Page last updated at 15:55 GMT, Monday, 23 January 2006

Key cases in Soviet-UK espionage

Melita Norwood
Melita Norwood was exposed as a spy when she was in her 80s
Allegations by the Russian government that British agents have used a high-tech rock as a spying tool have refocused attention on the world of international espionage.

BBC News looks back at the spying cases which have shaken ties between the two countries over the years.

Melita Norwood

Melita Norwood, the Soviet Union's longest-serving spy in the UK, was exposed when a KGB archivist, Vasili Mitrokhin, defected to the West in 1992 with a list of agents.

She had worked for the Non Ferrous Metals Research Association for over 30 years, a position from which she passed on vital secrets about Britain's nuclear weapons programme. She was decorated by the KGB for her work.

Mrs Norwood, who was in her late 80s when she was exposed, was never prosecuted and lived in south London until her death in 2005.

Oleg Gordievsky

Oleg Gordievsky was one of the most senior KGB officers to defect to the West. He was stationed at the Russian embassy in London from 1974 and recruited by MI6 as a double agent.

For 10 years, he passed high-grade information to his British handlers via a flat in Bayswater, but was summoned back to Moscow in 1985 as suspicion grew about his role.

He escaped across the Finnish border in the boot of a car with the help of British agents and has lived in the UK since. He went on to co-author a book, KGB: The Inside Story, on his experiences.

Mass expulsions

In 1971, ministers told Prime Minister Edward Heath that there were a least 120 Soviet intelligence officers operating in Britain. They warned that this aggressive espionage was doing considerable damage to British interests.

The resultant probe, "Operation FOOT", came to a head on 24 September 1971 when the government ordered 90 Soviet officials to leave the UK. It also revoked the visas of a further 15 officials who were abroad at the time. The Soviets retaliated by expelling 18 British diplomats.

The action proved to be a success, however, with former KGB officer Oleg Kalugin later stating that Russian espionage in the UK suffered a blow from which it never recovered, according to MI5.

Cambridge spies

Kim Philby
Kim Philby was one of five spies recruited at Cambridge University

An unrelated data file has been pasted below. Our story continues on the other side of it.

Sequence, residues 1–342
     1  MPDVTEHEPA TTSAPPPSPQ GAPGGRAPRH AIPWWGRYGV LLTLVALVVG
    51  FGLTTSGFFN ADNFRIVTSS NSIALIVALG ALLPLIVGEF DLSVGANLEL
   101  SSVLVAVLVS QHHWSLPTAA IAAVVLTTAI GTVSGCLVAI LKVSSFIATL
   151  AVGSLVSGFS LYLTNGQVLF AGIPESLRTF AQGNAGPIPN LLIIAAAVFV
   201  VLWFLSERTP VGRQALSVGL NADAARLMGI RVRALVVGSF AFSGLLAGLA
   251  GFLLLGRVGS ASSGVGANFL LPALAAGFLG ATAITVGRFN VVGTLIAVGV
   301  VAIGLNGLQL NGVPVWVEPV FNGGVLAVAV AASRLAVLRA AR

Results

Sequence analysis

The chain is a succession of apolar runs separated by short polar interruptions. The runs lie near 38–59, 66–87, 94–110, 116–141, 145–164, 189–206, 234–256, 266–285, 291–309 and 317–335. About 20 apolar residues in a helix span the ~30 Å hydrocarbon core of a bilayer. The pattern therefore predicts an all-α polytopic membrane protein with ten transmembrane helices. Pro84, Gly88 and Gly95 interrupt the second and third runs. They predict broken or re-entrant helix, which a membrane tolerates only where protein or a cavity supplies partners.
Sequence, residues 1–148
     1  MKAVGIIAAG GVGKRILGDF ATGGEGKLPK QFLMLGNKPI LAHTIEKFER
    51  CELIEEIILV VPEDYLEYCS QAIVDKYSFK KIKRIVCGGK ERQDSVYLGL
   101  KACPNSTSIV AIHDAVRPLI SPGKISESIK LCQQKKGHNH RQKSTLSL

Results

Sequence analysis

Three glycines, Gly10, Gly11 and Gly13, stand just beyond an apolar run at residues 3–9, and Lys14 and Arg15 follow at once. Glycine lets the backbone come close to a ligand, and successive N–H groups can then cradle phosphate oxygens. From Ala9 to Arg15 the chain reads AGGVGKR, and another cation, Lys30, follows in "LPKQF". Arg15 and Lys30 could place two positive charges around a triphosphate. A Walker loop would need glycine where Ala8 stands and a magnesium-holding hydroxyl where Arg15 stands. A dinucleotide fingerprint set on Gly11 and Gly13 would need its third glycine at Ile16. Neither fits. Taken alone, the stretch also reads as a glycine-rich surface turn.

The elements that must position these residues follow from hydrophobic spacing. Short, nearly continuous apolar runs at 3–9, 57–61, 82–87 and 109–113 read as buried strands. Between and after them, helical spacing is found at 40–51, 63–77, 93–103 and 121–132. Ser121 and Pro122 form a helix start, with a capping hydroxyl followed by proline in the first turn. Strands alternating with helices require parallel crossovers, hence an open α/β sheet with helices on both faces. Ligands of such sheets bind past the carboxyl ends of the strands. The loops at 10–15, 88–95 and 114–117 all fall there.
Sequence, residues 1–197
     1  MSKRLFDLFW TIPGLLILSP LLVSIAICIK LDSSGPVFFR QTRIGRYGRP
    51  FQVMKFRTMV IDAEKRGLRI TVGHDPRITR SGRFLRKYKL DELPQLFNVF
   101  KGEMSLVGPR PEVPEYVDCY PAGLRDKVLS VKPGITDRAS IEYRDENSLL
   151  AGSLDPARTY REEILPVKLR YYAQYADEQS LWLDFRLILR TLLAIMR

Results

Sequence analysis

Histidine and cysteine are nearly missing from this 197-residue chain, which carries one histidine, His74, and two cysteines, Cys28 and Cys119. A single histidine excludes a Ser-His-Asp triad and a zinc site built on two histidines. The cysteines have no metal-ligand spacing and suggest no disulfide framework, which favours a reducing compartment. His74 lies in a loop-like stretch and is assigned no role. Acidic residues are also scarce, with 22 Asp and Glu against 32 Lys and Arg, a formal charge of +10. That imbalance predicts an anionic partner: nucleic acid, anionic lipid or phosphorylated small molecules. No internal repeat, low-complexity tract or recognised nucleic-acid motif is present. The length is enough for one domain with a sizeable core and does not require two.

Perhaps the most famous case is that of what the KGB called the "magnificent five", a group of students recruited at Cambridge University.

The five were not motivated by financial gain but by the belief that capitalism was corrupt and that the Soviet Union offered a better model for society. They secured sensitive government posts from which they passed valuable intelligence to the Soviet Union.

Two, Guy Burgess and Donald Maclean, were exposed in 1951, when they were working at the Foreign Office. Both defected to the Soviet Union. Another official, Kim Philby, who had worked in senior positions both within the Foreign Office and the intelligence services, was exposed five years later.

In 1964 a former member of the intelligence services, Anthony Blunt, was named as a fourth member of the ring. The identity of a fifth member, John Cairncross, a former MI6 officer, was not confirmed until 1990.

Walter Krivitsky

A key event prior to the Cold War was the defection of former head of the Soviet Military Intelligence in Western Europe General Walter Krivitsky. In 1940 he gave the British government its first detailed insight into the Soviet intelligence system.

He was found dead in the Bellevue Hotel in Washington DC in February 1941 and suspicion grew that he had been murdered by Soviet agents. However, the FBI has said no information was ever uncovered to prove his death was anything other than suicide.

The Cambridge spy ring
13 Sep 99 |  Britain betrayed
Spies who betrayed Britain
20 Dec 99 |  Britain betrayed

The BBC is not responsible for the content of external internet sites

Has China's housing bubble burst?
How the world's oldest clove tree defied an empire
Why Royal Ballet principal Sergei Polunin quit


Sign in

BBC navigation

Copyright © 2017 BBC. The BBC is not responsible for the content of external sites. Read more.

This page is best viewed in an up-to-date web browser with style sheets (CSS) enabled. While you will be able to view the content of this page in your current browser, you will not be able to get the full visual experience. Please consider upgrading your browser software or enabling style sheets (CSS) if you are able to do so.

Americas Africa Europe Middle East South Asia Asia Pacific